• Take a look back at the 2004 Winter Carnival snow sculpture.

    Monday, January 28, 2013
    News Type

Victoria Solbert ’07 works on the 2004 snow sculpture, one of the most popular snow sculptures in Dartmouth’s Winter Carnival history. (photo by Joseph Mehling '69)

Anyone who has spent time—perhaps a surprising amount of time—shaping a snowman’s head or centering a carrot nose would agree: snow sculpting can be serious business.

At Dartmouth, the craft has been practiced in a semi-official capacity for the past 90 years. In the late 1920s, a new student position responsible for a “Center of Campus Statue” was appointed for Winter Carnival, Dartmouth’s legendary event that in its heyday drew thousands of visitors and television crews to campus.  One of the first “all campus” sculptures—a lovely castle on Occom Pond—was created by H. Pennington Haile '24, likely for the 1925 Carnival.

Since then the sculptures have ranged from the elaborate, such as a fire-breathing dragon (1969) or a whale with a snow spout (1982), to the simple yet imposing—such as a castle to celebrate 100 years of Carnival (2011). Most are based on the Carnival’s theme, chosen by students every year since the 1950s. (Carnival posters are also based on these themes.) A 20-foot tall young maiden, for example, is the sculpture for the 1967 Carnival, A Midwinter Night’s Dream.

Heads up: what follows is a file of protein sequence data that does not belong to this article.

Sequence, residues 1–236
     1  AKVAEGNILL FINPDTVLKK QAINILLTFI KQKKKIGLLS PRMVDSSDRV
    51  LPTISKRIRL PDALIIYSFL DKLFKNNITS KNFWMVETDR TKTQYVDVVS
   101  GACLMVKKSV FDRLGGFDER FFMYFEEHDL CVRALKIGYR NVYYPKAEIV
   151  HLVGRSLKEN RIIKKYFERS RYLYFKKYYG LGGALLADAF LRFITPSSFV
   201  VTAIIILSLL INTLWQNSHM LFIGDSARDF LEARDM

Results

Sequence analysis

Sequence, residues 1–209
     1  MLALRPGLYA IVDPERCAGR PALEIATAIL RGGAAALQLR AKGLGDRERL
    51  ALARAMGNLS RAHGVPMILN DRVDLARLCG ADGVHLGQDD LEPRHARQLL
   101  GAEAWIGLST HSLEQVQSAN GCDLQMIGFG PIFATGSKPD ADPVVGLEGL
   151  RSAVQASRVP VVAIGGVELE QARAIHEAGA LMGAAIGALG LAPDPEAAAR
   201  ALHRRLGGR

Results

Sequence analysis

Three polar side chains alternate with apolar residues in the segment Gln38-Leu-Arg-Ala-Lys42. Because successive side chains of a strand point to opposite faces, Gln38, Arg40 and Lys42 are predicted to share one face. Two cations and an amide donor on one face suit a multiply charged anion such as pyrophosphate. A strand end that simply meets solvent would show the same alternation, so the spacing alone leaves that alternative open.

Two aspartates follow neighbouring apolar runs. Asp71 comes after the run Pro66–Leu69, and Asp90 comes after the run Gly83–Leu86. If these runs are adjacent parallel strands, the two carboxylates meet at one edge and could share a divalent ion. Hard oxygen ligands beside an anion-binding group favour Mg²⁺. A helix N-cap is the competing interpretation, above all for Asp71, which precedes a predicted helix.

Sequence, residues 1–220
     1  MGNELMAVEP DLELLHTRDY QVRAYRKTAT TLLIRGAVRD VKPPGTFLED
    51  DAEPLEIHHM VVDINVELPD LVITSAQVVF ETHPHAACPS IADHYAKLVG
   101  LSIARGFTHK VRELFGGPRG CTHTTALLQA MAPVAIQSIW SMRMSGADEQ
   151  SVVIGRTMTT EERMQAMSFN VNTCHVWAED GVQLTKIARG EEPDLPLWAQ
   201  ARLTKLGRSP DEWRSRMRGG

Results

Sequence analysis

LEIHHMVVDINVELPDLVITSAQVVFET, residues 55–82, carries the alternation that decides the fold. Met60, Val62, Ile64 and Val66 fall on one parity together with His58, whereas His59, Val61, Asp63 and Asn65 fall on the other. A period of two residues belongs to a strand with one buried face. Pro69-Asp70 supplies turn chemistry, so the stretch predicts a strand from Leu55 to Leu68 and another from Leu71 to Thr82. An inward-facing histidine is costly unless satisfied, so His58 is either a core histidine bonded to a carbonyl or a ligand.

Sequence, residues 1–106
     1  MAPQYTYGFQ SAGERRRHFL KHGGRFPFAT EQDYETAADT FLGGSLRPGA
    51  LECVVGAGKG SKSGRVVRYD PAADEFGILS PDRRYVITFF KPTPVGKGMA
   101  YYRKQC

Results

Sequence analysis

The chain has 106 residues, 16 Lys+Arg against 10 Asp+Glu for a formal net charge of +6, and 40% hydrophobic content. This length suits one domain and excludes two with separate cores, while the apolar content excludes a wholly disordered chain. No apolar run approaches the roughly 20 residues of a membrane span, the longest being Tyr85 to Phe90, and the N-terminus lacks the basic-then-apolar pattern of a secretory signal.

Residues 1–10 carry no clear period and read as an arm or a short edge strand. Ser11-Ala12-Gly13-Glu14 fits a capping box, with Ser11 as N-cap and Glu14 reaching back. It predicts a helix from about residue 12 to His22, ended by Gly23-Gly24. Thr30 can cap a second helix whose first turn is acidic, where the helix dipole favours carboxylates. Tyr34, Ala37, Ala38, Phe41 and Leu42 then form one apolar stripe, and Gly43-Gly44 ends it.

One of the most celebrated sculptures was the Cat in the Hat for the 2004 Carnival, Oh The Places It Snows: A Seussentennial. The image of the sculpture was featured in USA Today and other media, and it received more than 1,000 “likes” when it appeared on the Dartmouth Alumni Facebook page last summer.

Victoria Solbert ’07, now a new business coordinator at an environmental certification company outside of San Francisco, was the artist behind that sculpture. “We were on a mission to make it really good,” she said of the project. “There was a core group of people dedicated to make it one of the best ones.” That group included Jeff Woodward ’06, Chris Polashenski ’07, and Dan Schneider ’07, who for his senior thesis built a conveyer belt to bring snow to the top of the sculpture.

“I came in with some drawings and a small model of it, about a foot-tall, to scale,” said Solbert. “I wanted it to look like that—and then Chris and Dan and Jeff and all the others figured out how to make it work. A lot of structural planning had to go into it before you build it out. I was really pleased with it.”

Like Solbert, this Dartmouth student crafted a clay model for the 1951 snow sculpture. (courtesy Rauner Special Collections Library)

A native of Sacramento, Solbert said she misses the Dartmouth winters. “I liked going outside and playing in the snow.  And Winter Carnival was probably my favorite event.  It’s a great combination of tradition and the zany stuff that Dartmouth kids are always doing.”

Solbert’s three tips for building a giant snow sculpture, at Dartmouth and elsewhere:

1)   Outreach. “Contact students other than those on the Winter Carnival or sculpture committees,” she said.

2)   Manpower. “It takes a lot of people to pile up enough snow to carve,” advised Solbert.

3)   Planning. Use a clay model and many drawings. “It’s really helpful to see it in 3-D,” she said.

See a collection of Carnival sculptures.